Tony Evans is a high-level “supertemp,” a consultant to troubled businesses. Here are his tips for thriving in a transient, job-to-job life.
Avoid corporate politics: “Be aware of it—don’t be naive—but you can’t play into it. Show empathy but not sympathy. Being empathetic shows understanding, but you still have to be quite clinical. If it means you’ve identified an individual with the best intentions in the world who’s actually part of the problem—and they can’t change in the time you have available—you have to make the decision [to fire them] early.”
Figure out who’s useful: “Most of the top exec temps are older and have plenty of battle scars. It’s about reading people, which is easier in some cultures than others. In the U.K., if I ask a straight question, I’d expect a straight answer. In the U.S., I’d expect a more flowery answer. In Eastern Europe, cultures recently in the Communist era, people will often answer trying to guess what it is you’d like to hear. Wherever you are, it’s important to find out early on who will help you.”
Find your inner swan: “You need to have pretty damn good emotional intelligence. Typically when you go into a new environment, there’s chaos. If the company is in trouble, the employees could’ve been there three years—and that’s very draining and demoralizing. People need to feel that the new people are there to get them out of the mire. The temp exec needs to be like a swan. If you watch a swan on a river, not a feather is ruffled. But it’s pedaling like hell underneath.”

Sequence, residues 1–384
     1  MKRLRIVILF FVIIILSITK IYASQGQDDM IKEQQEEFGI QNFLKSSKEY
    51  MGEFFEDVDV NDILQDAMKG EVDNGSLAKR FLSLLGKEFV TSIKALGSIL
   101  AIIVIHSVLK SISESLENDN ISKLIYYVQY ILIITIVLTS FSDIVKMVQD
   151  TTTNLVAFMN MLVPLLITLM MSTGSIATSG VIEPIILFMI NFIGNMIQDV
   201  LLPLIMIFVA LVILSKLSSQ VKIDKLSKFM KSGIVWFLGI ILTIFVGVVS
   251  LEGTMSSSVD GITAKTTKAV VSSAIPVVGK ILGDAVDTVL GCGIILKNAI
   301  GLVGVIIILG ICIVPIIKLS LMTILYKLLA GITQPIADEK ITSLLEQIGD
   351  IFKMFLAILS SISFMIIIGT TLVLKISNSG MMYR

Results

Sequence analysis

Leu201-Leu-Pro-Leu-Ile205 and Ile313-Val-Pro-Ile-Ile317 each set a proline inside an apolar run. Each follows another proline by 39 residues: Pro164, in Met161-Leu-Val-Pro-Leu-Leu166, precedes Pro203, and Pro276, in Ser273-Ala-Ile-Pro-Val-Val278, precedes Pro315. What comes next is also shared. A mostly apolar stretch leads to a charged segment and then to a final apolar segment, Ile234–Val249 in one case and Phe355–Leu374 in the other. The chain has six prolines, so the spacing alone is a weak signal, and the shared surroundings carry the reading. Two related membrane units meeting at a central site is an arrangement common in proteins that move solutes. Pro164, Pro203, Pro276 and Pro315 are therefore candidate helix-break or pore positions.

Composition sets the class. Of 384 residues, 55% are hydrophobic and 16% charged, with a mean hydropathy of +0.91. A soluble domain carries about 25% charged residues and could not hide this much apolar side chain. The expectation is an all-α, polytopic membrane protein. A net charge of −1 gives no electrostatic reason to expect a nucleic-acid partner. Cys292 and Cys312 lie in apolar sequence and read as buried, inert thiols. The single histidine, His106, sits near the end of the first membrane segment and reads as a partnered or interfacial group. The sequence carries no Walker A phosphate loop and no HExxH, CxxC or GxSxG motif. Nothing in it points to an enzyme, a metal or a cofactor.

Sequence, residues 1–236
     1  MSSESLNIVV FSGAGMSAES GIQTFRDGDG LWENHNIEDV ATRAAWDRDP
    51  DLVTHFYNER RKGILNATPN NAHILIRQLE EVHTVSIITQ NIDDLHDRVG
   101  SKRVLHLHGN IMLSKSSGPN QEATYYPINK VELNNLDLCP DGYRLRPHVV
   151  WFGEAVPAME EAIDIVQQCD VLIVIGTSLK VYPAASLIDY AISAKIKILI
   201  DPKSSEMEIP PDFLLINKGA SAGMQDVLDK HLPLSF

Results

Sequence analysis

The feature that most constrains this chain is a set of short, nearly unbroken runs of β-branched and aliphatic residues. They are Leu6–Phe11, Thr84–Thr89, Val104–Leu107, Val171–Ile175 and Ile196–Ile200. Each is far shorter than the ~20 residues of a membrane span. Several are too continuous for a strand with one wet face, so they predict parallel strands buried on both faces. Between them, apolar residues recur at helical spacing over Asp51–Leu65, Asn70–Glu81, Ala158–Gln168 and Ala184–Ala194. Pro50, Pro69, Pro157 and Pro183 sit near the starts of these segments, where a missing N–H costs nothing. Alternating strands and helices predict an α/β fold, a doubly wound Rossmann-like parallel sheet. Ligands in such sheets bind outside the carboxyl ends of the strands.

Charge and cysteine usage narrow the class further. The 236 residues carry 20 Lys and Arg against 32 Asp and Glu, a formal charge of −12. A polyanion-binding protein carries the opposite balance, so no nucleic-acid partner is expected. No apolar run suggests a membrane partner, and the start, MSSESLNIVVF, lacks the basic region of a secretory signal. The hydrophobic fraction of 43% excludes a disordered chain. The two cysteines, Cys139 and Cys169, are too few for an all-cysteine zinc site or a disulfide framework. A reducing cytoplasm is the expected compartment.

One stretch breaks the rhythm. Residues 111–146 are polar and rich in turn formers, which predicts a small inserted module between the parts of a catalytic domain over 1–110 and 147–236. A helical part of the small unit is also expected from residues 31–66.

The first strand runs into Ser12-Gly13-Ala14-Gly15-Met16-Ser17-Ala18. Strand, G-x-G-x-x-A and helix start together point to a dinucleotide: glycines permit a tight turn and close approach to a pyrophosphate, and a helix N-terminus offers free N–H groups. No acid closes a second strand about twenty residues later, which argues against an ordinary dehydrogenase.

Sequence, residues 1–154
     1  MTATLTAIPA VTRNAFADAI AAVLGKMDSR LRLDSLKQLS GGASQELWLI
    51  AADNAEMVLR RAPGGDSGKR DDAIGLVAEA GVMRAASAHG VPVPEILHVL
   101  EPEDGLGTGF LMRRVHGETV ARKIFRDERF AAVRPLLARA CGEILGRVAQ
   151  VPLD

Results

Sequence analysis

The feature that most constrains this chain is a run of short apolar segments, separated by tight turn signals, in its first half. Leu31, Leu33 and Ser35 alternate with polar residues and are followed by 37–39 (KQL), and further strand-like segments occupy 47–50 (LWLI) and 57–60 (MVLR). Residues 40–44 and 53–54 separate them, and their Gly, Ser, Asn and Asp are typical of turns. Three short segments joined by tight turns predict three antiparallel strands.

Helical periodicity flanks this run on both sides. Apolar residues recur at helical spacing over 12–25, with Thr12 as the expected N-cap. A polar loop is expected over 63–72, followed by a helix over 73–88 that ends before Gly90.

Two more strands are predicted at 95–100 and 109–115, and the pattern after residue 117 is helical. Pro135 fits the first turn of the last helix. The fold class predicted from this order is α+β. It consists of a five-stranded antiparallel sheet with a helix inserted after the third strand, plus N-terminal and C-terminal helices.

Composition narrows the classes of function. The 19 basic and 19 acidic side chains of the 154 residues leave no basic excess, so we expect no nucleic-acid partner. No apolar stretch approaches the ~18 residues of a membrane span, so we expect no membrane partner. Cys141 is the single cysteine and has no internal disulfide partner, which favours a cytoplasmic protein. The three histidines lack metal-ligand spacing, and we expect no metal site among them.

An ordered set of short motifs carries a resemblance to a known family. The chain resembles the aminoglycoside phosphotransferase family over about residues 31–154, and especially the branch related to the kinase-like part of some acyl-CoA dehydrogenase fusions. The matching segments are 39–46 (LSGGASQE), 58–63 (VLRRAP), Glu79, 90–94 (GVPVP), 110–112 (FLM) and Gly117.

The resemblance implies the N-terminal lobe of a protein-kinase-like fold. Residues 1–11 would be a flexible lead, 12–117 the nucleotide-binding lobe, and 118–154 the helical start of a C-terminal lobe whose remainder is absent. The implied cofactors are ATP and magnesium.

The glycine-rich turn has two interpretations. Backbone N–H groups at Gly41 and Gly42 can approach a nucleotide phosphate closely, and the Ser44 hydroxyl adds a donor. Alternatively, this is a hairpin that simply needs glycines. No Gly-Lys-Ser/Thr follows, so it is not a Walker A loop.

Show tenacity at the beginning: “The trick to getting that first good temp assignment is to use your own personal network. You may be in the New York office but can use that to get a temp job in the L.A. office—something with a direct route. The next stage is to look at your current client or supplier base and work your way out from there. Represent yourself to clients as a low-risk option with a high return on investment. People may see you as an employee. Remember: You’re not.”
Stay positive: “I know this is stating the blinding obvious, but all of this must be based on a very positive approach to what you do. Adopt an approach that is a constructive-positive: ‘OK, you’ve got a problem. Fine, how do we fix it?’ If people make a mistake, ‘OK, let’s move on.’ Continue that very strong, positive mental attitude. You have to sustain it. You can’t do it one week and switch. If you can’t do it, then you may want to think about if this is the kind of work for you.”